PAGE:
4. Irresponsible and unreliable (often trading off others hard work)
5. Arrogant, acting superior to people close to them (often also putting their family down).
6. Lives in a fantasy world which may include pornography, romance novels, flirting and/or affairs and/or dreams of unlimited fame and success.
7. Will often be addicted to this fantasy oriented behaviour.
8. May have other addictions such as alcohol, tobacco, gambling, drugs, shopping, computer games and/or sex.
9. Will lie and distort facts and change the events of history to suit their own agenda.
10. May misappropriate funds and be irresponsible with money.
11. Distant and emotionally unavailable unless they want something.
12. Will lack empathy for others, especially people whom they exploit.
13. Will be very controlling and often unable to relax.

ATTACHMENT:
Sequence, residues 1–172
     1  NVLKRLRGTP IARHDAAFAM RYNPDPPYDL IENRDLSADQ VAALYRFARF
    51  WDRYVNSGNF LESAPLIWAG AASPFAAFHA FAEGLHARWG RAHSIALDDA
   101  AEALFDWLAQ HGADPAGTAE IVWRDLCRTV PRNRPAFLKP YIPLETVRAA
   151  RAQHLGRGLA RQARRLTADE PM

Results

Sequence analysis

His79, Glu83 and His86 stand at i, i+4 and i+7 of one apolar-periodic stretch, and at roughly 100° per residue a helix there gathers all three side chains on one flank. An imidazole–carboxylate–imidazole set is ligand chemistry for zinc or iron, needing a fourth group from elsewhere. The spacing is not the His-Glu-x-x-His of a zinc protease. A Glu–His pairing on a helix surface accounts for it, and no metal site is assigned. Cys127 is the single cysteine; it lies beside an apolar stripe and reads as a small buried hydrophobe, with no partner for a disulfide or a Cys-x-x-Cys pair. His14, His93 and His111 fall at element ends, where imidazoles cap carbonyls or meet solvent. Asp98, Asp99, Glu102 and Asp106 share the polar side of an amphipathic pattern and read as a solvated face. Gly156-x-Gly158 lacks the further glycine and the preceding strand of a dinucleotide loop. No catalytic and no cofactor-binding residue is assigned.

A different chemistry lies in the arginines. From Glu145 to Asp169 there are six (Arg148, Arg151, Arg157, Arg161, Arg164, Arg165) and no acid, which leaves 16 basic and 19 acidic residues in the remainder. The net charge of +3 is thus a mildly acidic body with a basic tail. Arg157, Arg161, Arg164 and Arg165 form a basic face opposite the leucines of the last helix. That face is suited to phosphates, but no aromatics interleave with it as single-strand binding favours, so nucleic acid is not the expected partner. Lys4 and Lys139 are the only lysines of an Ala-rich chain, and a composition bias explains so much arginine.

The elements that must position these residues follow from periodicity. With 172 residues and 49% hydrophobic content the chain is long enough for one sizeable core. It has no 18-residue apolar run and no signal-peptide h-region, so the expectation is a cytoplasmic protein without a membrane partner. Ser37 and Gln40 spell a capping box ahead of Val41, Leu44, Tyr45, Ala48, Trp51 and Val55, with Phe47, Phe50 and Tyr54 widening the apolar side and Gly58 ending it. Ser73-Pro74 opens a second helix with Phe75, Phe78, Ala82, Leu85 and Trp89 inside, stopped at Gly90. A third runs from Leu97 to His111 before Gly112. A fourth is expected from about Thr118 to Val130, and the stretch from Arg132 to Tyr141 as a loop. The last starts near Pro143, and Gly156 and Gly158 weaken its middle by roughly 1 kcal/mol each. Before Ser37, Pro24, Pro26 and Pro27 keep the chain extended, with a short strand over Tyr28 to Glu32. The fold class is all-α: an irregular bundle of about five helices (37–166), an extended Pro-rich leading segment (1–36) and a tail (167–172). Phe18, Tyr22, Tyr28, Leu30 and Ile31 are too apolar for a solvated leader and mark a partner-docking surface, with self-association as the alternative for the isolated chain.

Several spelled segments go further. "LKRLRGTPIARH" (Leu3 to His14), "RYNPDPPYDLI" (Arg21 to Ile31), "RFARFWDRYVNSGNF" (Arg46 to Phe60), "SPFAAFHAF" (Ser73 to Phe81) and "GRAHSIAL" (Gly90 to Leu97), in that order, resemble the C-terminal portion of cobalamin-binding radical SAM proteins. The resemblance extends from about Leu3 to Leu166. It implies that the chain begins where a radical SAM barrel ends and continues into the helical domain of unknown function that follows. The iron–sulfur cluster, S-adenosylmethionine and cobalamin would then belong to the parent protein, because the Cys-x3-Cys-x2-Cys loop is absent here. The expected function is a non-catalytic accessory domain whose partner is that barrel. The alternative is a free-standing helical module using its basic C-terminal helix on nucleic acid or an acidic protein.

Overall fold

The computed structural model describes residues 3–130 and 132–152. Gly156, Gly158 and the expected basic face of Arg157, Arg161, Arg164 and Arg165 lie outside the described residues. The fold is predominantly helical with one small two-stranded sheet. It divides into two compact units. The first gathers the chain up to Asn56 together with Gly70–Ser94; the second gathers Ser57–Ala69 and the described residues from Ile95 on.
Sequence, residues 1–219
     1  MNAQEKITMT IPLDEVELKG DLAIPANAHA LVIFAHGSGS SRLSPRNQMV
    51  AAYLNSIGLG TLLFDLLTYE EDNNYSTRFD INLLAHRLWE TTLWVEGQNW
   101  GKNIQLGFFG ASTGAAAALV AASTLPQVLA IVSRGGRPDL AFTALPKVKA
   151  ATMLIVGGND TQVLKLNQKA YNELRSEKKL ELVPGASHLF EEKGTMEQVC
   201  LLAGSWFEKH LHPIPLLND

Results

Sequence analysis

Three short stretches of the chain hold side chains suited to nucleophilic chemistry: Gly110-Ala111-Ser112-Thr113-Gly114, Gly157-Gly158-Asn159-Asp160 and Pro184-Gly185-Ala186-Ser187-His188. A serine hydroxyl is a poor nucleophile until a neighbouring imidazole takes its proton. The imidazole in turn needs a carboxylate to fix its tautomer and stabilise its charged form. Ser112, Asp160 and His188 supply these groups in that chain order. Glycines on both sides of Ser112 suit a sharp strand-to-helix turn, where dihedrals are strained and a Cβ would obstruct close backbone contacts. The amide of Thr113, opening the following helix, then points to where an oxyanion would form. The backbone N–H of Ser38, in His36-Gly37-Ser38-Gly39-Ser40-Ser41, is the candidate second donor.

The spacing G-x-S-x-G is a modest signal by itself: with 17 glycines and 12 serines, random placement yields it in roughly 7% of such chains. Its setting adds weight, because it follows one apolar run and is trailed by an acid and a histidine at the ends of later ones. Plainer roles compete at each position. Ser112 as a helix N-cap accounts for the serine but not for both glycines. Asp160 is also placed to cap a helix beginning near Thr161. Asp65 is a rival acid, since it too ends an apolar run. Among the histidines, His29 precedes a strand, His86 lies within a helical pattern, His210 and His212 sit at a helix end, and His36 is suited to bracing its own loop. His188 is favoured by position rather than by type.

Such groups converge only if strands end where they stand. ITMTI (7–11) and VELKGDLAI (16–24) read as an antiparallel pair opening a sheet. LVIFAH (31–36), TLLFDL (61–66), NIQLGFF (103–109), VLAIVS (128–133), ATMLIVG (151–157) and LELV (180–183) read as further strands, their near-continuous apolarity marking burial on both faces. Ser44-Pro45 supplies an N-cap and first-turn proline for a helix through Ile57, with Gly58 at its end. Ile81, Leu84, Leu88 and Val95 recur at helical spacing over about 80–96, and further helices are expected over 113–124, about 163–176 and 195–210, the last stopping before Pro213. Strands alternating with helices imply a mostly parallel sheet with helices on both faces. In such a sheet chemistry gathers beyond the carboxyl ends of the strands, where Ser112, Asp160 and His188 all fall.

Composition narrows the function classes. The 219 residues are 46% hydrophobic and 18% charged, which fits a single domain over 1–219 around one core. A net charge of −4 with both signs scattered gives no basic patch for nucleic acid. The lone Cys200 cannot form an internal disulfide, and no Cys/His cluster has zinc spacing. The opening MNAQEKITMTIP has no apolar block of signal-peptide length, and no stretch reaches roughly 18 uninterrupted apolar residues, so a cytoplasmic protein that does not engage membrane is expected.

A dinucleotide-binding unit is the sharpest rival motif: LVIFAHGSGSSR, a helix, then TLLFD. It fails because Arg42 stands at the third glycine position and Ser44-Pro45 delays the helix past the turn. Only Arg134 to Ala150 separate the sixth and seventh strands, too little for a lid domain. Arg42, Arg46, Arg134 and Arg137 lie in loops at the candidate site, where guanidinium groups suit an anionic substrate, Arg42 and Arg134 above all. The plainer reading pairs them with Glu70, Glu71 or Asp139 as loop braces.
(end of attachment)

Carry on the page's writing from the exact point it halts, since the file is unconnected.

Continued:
14. May appear very charming and even humble in public.
15. May regularly provoke people and then blame them for the fight.
16. Will have trouble admitting their mistakes.
A person with NPD will be two-faced; charming and polite in public, while critical, rude, arrogant, sarcastic and even aggressive in private; usually to the people who they’re closest to and who give them the most love and care. This is because the people closest to them are also the people who are more able to hurt the Narcissist emotionally. To an extreme narcissist, people are things to be used.
WHY ARE THEY LIKE THIS?